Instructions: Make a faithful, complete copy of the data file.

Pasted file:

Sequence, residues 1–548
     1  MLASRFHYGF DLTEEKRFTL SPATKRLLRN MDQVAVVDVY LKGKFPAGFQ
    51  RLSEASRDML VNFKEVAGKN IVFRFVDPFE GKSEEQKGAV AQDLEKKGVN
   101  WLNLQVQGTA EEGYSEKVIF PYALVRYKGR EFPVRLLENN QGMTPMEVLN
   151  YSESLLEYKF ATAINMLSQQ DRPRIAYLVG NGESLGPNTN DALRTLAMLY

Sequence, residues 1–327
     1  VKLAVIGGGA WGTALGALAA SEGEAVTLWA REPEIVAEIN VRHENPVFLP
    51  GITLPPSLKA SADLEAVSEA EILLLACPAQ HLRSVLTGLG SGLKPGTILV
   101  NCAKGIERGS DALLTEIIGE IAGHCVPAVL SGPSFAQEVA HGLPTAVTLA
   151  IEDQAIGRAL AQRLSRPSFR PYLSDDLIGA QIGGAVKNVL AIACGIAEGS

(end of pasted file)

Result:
Sequence, residues 1–548
     1  MLASRFHYGF DLTEEKRFTL SPATKRLLRN MDQVAVVDVY LKGKFPAGFQ
    51  RLSEASRDML VNFKEVAGKN IVFRFVDPFE GKSEEQKGAV AQDLEKKGVN
   101  WLNLQVQGTA EEGYSEKVIF PYALVRYKGR EFPVRLLENN QGMTPMEVLN
   151  YSESLLEYKF ATAINMLSQQ DRPRIAYLVG NGESLGPNTN DALRTLAMLY

Sequence, residues 1–327
     1  VKLAVIGGGA WGTALGALAA SEGEAVTLWA REPEIVAEIN VRHENPVFLP
    51  GITLPPSLKA SADLEAVSEA EILLLACPAQ HLRSVLTGLG SGLKPGTILV
   101  NCAKGIERGS DALLTEIIGE IAGHCVPAVL SGPSFAQEVA HGLPTAVTLA
   151  IEDQAIGRAL AQRLSRPSFR PYLSDDLIGA QIGGAVKNVL AIACGIAEGS